Just wait till Neighbor and 517 have their first child. Then their house will look like it got hit by an atomic bomb. The walls will be covered with crayon, there will be legos underfoot everywhere, and they will probably be eating on the floor-- and likely off either paper towels or mis-matched plastic plates bearing Elmo and Sponge-Bob likenesses. And doesn't your place sound grown-up and civilized in comparison?

There is a certain unease, I think, that comes from being out-of-sync with your 'peers', but I'm not certain it's rooted in any underlying desires, motivations, or lack thereof.

I think, rather, it's simply a symptom of an underlying piece of human nature: your brain likes being around people who are similar in sensibilities to you. The more you feel 'normal' in the context of your clusters of friends, the more comfortable you are. This underlying bit of lizard-brain psychology informs many higher reasoning processes, which attempts to back-fit it into more logical rationales, like, "Am I jealous because of someone else's stuff?" The problem is, it's not a rational source at all that's giving you these feelings, so attempting to figure out 'why' is ultimately futile. As your life plan diverges from those near you, it will make you feel a bit unsettled, even though it is (in most cases) the best one for you. This is not because of anything that's wrong with your life plan!

One of the good things about growing older (in my mid-30s)is that I find that I'm surer and more confident in my decision-making and able to assess situations and people in ways I simply couldn't have imagined earlier. It feels like a gift and if that's the tradeoff then perhaps I won't mind making it. When you're very young, you can't imagine not being at the center of all attention, but I imagine that in time you come to realize the separate and particular appeal of distance of all kinds.


EXCELLENT post. It wasn't inarticulate; it articulated very well the nagging feelings I've had as I've felt closer to my med school friends than some friends from high school and college. (I'm 25, btw.) And it really is because med school imposes a common mindset and (im)maturity, etc, and forces us students to have similar lives for a little while, so we bond more with each other than with outsiders. That's scary, what 3:04pm said, though. Are old friendships doomed, then, if their lives diverge too much? I'd still like to keep as warm and close a friendship as possible with my old friends who are on different paths from me. I think I've succeeded so far, but it's been a little tougher than I would've guessed.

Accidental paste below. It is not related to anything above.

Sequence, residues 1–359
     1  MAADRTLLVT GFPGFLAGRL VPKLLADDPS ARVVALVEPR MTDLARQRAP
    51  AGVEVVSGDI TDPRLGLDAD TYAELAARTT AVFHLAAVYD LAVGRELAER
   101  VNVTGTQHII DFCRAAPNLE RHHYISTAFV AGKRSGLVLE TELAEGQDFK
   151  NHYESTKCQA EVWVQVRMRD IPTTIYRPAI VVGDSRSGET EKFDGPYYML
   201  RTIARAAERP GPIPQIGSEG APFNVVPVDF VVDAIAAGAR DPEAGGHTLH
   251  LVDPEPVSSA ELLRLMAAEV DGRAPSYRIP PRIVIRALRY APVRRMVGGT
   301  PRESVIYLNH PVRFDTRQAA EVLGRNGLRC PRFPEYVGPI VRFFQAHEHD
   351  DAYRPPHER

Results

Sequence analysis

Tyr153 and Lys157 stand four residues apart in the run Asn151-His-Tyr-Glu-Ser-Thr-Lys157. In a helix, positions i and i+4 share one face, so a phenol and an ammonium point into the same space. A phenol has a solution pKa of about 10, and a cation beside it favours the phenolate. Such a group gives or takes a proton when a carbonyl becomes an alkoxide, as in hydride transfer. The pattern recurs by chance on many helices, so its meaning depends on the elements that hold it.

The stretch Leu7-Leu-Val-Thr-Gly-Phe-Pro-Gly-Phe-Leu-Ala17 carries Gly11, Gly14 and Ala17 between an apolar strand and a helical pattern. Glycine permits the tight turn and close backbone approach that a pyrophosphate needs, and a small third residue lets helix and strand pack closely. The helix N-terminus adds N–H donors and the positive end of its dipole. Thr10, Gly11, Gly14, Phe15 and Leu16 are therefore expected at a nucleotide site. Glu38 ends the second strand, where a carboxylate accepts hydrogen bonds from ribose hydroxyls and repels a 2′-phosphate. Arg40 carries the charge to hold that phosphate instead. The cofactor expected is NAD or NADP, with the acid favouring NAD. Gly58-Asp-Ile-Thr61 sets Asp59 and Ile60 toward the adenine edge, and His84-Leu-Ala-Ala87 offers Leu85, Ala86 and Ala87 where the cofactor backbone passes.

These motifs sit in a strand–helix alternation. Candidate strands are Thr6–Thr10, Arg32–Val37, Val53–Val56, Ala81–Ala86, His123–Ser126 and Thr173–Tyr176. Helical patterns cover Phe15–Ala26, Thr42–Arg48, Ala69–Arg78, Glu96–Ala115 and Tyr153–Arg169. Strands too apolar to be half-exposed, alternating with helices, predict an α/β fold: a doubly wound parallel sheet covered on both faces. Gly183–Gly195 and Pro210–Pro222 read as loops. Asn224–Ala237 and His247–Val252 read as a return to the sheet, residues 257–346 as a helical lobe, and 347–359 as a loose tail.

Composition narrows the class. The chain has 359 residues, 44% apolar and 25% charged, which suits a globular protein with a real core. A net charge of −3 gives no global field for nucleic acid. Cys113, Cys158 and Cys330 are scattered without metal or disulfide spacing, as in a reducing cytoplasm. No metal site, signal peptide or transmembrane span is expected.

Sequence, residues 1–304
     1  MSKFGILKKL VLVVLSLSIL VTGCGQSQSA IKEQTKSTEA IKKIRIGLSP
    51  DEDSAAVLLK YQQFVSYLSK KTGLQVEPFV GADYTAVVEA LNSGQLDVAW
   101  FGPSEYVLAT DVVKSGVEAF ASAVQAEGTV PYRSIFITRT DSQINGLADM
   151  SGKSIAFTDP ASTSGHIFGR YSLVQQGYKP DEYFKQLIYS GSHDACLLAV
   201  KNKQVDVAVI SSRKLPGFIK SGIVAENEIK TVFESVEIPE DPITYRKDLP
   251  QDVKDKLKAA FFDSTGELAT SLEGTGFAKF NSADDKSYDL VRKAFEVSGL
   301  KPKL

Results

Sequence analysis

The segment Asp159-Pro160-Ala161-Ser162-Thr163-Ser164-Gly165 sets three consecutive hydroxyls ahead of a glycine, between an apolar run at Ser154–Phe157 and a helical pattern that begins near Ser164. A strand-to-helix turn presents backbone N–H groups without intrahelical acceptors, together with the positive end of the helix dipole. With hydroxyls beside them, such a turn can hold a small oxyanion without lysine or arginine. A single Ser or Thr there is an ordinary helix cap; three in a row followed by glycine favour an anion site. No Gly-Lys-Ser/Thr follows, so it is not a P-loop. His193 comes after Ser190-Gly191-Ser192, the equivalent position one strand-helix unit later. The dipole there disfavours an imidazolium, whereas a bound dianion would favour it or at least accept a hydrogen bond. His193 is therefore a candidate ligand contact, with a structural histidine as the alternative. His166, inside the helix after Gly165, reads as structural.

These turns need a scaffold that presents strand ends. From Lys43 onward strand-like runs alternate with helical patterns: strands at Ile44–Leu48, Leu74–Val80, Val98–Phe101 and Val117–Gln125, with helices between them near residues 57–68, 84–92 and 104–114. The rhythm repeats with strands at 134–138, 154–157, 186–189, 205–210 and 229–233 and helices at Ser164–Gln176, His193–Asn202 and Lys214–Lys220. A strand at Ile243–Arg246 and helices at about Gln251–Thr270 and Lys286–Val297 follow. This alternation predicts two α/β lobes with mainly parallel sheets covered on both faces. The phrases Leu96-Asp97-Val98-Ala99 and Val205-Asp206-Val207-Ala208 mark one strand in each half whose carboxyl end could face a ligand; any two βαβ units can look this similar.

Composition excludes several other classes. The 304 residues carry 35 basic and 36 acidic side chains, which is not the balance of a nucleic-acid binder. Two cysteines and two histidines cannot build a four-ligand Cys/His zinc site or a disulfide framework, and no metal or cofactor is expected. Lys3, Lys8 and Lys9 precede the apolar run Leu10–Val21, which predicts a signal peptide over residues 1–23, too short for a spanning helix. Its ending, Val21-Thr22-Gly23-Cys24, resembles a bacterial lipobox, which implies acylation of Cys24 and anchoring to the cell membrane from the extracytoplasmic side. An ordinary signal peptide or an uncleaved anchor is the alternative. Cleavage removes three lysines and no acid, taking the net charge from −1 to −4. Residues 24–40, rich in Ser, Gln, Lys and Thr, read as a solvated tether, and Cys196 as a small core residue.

I think it's all good. Matching dishes are great. Non matching dishes are great. I don't think there's a right way or right time table and lots of great wonderful very interesting people never have matching dish type lives, but at the same time, matching dish type lives are never never a sign of something less. There isn't really a correlation between "getting it together" in that way (so to speak) or not "getting it together" (whether on purpose or not), and living well. The best thing to do is to do what thrills you in this department - I don't think it means anything else deeper one way or another.


While all these points are very good - I think that the one point that is missed is what do you truely value in life and staying true to that on a daily basis. Blah, blah right? WRONG. Our beloved blogger here finds solice on the water and in boats, but finds housing project challenging (not enjoyable either) -the energy is much different. My point is that maybe her true love and value is more heavily weighted on the water (perhaps the water represents freedom, power and spirituality for example) than on a house (no freedom there) yet we measure our "success" by the neighbor next door and the stuff in it. There is a disconnect there.

We can measure our sucesses on the race course by looking at our competitor but when it comes to life, that isn't a good measurement at all. You need to look inward.


i, too, walked away from a lucrative big firm career. i have long been out of sync with what many of my friends care most about--namely, all that stuff that they believe marks their success. it only marks, to some extent, financial success, and that has never meant that much to me because it's all just stuff you can't take with you when you're gone. i've always been guided by a need to feel like i am right with myself. fortunately, i married a guy who values the same thing.

when we are with our friends we try to walk the common ground and enjoy. one of my good friends once said as she pointed around her mcmansion, "i wish i could live like you and not care about having all this stuff. but i just can't do it. i don't see how you do it."

there is a freedom in not caring about all that stuff, and there is a freedom in not being bugged or overwhelmed by people who do care about it. maybe what bugs you is that you realize that you don't value the same things as much as you might have thought you did. but that's okay too. you need to learn to set yourself free.


Wow. You know what this blog reminds me of sometimes? The value of retaining a childlike view of the world and what people do as an opportunity to learn: a beautiful puzzle. I lose sight of that often, and you seem to waver in it sometimes (mostly when you feel pressure to be a grown up). But you seem to succeed at it so much more than I.